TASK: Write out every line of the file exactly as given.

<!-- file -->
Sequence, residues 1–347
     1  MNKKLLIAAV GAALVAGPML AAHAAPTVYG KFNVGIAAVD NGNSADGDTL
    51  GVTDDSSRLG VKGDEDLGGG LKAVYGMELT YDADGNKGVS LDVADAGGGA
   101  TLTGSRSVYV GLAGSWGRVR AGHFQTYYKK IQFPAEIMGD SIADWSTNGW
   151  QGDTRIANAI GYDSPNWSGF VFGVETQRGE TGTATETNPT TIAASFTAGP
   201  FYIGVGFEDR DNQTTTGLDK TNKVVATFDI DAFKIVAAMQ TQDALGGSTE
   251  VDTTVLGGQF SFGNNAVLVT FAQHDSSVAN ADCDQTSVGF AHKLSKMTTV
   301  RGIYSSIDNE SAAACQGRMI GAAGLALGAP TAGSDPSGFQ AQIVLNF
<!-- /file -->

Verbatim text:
Sequence, residues 1–347
     1  MNKKLLIAAV GAALVAGPML AAHAAPTVYG KFNVGIAAVD NGNSADGDTL
    51  GVTDDSSRLG VKGDEDLGGG LKAVYGMELT YDADGNKGVS LDVADAGGGA
   101  TLTGSRSVYV GLAGSWGRVR AGHFQTYYKK IQFPAEIMGD SIADWSTNGW
   151  QGDTRIANAI GYDSPNWSGF VFGVETQRGE TGTATETNPT TIAASFTAGP
   201  FYIGVGFEDR DNQTTTGLDK TNKVVATFDI DAFKIVAAMQ TQDALGGSTE
   251  VDTTVLGGQF SFGNNAVLVT FAQHDSSVAN ADCDQTSVGF AHKLSKMTTV
   301  RGIYSSIDNE SAAACQGRMI GAAGLALGAP TAGSDPSGFQ AQIVLNF